April 25, 2017
This spring and summer, Earth System Research Laboratory's Global Systems Division (GSD) researchers are demonstrating a prototype prediction system that produces a range of probabilities of potentially hazardous weather. The High-Resolution Rapid Refresh Ensemble (HRRRE) incorporates radar, aircraft, and other weather data in real-time to generate hourly snapshot forecasts of potential low-level rotation in supercell thunderstorms, thunderstorm winds, damaging large hail, and flash flooding.
The prototype High-Resolution Rapid Refresh Ensemble (HRRRE) is now running over 55 percent of the current full HRRR domain and is being demonstrated in real-time for the Verification of the Origin of Rotation in Tornadoes Experiment - SouthEast (VORTEX-SE) field campaign through April and in the NOAA Hazardous Weather Testbed (HWT) Spring Experiment during May and June, 2017.
HRRRE brings in a variety of weather data to produce multiple (or ensemble) forecasts, each with a slightly different starting point, to generate hourly snapshots of possible hazardous weather. Each possible outcome includes the degree of certainty or uncertainty of the hazard occurring. For example, numerous HRRRE snapshot forecasts predicting that a severe storm will form at a specific place and time will give users more confidence in that forecast.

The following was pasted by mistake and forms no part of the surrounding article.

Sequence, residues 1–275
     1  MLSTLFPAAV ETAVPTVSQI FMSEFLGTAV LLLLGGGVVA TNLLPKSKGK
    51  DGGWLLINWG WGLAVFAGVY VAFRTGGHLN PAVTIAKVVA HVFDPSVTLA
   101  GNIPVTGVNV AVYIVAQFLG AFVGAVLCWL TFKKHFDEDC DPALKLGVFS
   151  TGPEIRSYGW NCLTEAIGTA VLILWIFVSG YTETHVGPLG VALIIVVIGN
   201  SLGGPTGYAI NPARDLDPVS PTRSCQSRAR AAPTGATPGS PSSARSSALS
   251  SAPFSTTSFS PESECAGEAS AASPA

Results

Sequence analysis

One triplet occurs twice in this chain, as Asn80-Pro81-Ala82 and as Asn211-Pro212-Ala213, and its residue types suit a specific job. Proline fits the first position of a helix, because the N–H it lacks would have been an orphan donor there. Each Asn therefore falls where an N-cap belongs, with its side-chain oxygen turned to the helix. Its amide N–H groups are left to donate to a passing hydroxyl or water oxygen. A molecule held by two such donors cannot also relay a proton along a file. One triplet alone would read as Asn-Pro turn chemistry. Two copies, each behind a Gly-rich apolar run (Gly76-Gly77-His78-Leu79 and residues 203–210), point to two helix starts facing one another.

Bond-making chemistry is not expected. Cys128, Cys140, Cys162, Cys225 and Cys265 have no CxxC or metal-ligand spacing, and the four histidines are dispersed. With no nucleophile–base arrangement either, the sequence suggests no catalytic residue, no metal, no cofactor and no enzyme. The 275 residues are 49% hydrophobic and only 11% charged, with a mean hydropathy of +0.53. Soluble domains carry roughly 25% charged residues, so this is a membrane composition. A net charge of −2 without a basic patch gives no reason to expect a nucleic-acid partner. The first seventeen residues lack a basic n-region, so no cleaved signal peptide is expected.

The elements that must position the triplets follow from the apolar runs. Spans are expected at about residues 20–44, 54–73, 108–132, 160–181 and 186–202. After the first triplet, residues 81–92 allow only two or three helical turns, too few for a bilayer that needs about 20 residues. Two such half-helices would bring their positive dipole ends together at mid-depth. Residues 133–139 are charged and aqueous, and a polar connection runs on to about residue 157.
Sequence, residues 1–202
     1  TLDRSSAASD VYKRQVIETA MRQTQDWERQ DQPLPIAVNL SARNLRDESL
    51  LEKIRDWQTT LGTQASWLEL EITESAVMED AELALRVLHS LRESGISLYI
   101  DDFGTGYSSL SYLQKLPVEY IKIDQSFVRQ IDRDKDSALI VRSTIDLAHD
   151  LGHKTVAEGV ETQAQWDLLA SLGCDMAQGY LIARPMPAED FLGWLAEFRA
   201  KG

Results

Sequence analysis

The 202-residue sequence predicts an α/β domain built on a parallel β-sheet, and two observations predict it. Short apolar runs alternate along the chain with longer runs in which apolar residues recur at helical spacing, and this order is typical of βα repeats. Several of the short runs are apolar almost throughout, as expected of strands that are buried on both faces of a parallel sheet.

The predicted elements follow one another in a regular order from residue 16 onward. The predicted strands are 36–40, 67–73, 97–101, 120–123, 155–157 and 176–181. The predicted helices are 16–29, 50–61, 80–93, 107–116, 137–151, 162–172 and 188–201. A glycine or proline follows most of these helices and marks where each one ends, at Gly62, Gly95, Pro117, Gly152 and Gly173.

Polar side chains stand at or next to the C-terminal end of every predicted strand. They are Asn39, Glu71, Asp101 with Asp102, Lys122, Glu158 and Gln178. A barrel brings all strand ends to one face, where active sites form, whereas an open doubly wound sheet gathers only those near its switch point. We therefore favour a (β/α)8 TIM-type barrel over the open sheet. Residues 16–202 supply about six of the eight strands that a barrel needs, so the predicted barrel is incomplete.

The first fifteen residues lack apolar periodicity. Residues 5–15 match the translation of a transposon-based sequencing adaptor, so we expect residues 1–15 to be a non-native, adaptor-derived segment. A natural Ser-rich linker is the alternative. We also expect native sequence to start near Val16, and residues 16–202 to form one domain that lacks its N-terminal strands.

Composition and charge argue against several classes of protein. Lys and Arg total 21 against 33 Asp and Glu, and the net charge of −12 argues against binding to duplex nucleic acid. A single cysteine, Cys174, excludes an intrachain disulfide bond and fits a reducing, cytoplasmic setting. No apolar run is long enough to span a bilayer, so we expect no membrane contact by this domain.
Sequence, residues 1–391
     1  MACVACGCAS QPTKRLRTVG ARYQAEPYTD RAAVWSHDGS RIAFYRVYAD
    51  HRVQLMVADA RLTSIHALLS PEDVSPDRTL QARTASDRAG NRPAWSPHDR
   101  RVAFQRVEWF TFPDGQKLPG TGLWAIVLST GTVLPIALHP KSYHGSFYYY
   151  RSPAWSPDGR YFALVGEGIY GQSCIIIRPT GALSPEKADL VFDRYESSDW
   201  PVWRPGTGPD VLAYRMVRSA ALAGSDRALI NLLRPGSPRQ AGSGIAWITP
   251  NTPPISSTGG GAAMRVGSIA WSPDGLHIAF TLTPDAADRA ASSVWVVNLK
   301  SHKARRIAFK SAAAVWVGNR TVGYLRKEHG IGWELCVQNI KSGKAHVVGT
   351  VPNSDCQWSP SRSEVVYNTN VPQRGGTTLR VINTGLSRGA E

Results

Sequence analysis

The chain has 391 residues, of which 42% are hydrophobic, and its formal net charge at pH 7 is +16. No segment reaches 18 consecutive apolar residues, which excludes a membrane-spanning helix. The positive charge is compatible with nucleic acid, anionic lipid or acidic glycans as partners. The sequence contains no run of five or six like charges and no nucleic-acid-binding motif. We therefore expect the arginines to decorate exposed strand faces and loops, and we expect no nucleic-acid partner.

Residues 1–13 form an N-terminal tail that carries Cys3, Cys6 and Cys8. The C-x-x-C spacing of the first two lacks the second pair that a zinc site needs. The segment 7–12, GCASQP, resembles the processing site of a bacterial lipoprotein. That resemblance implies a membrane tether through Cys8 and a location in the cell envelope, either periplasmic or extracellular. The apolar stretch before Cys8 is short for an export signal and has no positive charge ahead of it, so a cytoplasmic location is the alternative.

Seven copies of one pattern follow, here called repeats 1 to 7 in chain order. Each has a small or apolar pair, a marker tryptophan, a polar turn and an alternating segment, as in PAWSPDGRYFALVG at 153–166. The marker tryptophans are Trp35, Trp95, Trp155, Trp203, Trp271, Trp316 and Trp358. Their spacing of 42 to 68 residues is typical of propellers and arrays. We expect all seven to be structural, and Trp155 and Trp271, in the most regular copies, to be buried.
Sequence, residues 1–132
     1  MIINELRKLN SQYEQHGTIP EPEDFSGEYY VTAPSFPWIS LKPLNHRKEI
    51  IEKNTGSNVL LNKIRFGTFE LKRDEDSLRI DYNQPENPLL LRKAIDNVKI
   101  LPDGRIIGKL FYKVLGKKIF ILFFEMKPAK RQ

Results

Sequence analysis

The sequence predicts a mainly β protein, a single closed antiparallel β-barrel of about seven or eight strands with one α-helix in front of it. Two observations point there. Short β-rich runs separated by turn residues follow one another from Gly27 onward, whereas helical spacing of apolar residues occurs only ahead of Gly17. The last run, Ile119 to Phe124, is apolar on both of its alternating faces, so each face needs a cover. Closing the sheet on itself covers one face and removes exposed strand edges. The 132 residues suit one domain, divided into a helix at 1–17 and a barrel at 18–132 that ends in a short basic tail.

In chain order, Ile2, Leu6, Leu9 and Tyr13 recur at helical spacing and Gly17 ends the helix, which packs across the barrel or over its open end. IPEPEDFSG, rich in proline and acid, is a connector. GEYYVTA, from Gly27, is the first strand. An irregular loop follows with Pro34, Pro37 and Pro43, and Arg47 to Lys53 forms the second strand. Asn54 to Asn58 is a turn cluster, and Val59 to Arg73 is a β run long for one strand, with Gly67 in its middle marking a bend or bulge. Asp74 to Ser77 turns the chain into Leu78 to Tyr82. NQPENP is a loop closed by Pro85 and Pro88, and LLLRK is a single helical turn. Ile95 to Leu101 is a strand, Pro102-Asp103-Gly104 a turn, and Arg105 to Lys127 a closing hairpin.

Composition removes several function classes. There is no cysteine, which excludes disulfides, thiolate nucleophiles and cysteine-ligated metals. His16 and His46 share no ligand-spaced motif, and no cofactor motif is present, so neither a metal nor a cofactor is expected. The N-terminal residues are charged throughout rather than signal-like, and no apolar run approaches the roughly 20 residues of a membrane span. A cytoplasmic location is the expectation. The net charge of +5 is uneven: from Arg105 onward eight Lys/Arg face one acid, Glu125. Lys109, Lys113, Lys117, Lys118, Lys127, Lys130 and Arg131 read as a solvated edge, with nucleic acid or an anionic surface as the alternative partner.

HRRRE predictions provide the starting point for the NOAA National Severe Storms Laboratory’s (NSSL) experimental Warn-on-Forecast System for ensembles (NEWS-e), which includes sub-hourly radar- and satellite data assimilation for short-term (0 –3h) ensemble forecasts.
This work is a significant step towards the development of a national storm-scale data assimilation and forecast ensemble system in collaboration with the NOAA National Centers for Environmental Prediction. NOAA scientists hope to have a national HRRR ensemble system in operations by 2020, and a Warn-on-Forecast system in operations by 2023.
The HWT NOAA Spring Forecast Experiment is jointly managed by NSSL and the Storm Prediction Center.
For more information contact: Susan Cobb 303-497-5093